“Giving away our sacred land by the U.S. Government for destruction by a foreign mining company destroys our ability to practice our religion," Nosie told The Buzz. "It violates our First Amendment right to the free exercise of our religion protected by the Constitution.”

Nosie has compared Oak Flat's importance to his tribe to Mount Sinai for Christians. He said in a press conference on Jan. 14 that destroying this sacred site will set new precedent.

"If this goes through, then all these sacred places that mean so much to all of us will be gone," Nosie said.

Resolution Copper did not make anyone available for an interview but provided The Buzz with a brief statement. It said the Oak Flat project can supply up to a quarter of the nation's copper demand while creating jobs and economic growth in Arizona.

The company said it is committed to ongoing engagement with the U.S. Forest Service under the incoming presidential administration, "with tribes and the community to continue shaping the project and building programs that protect Native American cultural heritage and help diversify the local economy."

Resolution Copper denied claims that the environmental impact statement process had been fast-tracked or that the company sought to speed up the process. The statement noted that publication of the environmental impact statement is not the end of the permitting process and said it will likely take years to complete a feasibility study before deciding whether to proceed with the project.


The Buzz talked with Lauren Redniss, author of “Oak Flat: A Fight for Sacred Land in the American West,” about the project.

Redniss talked to many people for her book, including San Carlos Apache tribal members. She said what's happening at Oak Flat today mirrors the early history of the United States, because the federal government is again taking land from Indigenous peoples.

"We know that the United States has not respected its treaties with Native people,” Redniss said. “The history of the United States is a history of conquest and violence, and what we see here is that it's not just history, it's current events.”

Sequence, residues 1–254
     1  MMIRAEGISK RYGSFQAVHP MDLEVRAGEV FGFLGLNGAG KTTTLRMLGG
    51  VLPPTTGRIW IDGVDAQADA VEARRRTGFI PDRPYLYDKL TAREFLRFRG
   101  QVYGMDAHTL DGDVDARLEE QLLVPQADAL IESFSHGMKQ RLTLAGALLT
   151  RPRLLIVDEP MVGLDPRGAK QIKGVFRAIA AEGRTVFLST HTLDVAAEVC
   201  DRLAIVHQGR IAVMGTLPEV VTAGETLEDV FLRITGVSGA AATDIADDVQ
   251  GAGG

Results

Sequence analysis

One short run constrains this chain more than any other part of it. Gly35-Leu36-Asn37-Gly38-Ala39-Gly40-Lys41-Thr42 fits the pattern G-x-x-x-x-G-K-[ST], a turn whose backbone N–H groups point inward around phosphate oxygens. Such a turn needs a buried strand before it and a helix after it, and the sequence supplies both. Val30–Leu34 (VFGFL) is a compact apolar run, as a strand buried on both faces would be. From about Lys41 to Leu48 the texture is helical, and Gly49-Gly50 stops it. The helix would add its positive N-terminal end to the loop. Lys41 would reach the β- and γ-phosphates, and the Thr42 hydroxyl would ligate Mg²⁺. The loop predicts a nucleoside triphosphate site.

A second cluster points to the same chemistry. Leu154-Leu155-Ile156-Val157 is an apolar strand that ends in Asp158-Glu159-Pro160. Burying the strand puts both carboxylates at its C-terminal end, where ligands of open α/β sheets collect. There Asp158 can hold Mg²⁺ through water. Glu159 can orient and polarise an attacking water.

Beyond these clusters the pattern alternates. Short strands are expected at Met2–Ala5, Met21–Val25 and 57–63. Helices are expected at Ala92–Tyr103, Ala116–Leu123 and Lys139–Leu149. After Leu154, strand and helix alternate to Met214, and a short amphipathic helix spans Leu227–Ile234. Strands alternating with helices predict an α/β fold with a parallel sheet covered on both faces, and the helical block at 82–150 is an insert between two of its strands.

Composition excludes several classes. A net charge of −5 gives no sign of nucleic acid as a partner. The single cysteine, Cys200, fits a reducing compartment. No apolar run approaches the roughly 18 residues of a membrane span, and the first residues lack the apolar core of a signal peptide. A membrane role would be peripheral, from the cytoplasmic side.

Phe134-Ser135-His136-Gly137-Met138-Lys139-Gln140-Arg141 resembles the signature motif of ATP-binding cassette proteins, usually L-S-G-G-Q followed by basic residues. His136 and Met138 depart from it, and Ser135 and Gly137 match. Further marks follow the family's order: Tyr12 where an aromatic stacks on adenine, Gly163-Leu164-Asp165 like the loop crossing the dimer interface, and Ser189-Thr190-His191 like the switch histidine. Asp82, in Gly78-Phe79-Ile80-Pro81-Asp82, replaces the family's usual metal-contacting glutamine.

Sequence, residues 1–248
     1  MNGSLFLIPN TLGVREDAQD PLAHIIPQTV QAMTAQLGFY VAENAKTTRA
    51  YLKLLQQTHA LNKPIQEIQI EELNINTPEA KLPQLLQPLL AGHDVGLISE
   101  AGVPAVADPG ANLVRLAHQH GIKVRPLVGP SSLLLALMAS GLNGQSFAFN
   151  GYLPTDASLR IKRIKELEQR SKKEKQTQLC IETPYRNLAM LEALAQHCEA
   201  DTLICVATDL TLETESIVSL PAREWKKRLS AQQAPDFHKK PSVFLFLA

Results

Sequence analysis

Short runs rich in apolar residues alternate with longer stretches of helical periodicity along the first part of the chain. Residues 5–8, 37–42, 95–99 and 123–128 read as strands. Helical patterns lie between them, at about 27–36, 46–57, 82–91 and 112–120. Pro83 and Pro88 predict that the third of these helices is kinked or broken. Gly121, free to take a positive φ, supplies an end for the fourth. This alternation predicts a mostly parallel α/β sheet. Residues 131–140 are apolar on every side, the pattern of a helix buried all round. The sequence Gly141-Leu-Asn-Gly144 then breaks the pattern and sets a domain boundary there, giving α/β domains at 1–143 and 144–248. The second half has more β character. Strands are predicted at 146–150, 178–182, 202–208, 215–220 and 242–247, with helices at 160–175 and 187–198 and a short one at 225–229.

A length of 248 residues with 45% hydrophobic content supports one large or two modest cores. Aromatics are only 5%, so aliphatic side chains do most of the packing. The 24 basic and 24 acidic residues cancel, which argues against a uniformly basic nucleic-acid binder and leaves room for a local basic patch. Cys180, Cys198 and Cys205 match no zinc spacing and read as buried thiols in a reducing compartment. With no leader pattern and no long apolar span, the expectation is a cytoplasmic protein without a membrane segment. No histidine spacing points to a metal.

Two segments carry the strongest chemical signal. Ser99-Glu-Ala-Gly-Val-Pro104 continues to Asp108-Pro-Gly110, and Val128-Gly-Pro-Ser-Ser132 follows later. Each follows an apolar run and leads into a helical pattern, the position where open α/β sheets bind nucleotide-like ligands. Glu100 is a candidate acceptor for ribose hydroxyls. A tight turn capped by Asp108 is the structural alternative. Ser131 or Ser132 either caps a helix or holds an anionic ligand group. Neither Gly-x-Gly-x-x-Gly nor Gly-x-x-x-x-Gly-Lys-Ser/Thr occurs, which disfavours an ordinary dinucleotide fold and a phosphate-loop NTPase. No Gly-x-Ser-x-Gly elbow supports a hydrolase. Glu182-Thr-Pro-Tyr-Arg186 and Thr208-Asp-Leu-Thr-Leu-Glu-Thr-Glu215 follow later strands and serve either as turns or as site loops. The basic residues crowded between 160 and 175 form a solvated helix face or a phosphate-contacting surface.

Mila Besich is the mayor of Superior, the town about an hour east of Phoenix near Oak Flat. She is also executive director of the Copper Corridor Economic Development Coalition, which works to connect mining communities and help them diversify their economies.

“Mining will always be part of our economic DNA, it’s always going to be around, but we want other types of jobs and opportunities for both our residents and future residents to consider,” Besich said. For Superior, that has meant focusing on outdoor recreation and tourism. There were concerns that the mining project could negatively impact those industries, but Besich said the town has taken steps to work with Resolution Copper and to protect land on the outskirts of Superior.

Last week, Apache Stronghold filed several legal actions in an attempt to stop or slow the land transfer to Resolution Copper. A hearing for a preliminary injunction will take place next week.

The Buzz
The Buzz airs Fridays at 8:30 a.m. and 6 p.m. and Saturdays at 3:30 p.m. on NPR 89.1. You can subscribe to our podcast on iTunes and NPR One. See more from The Buzz.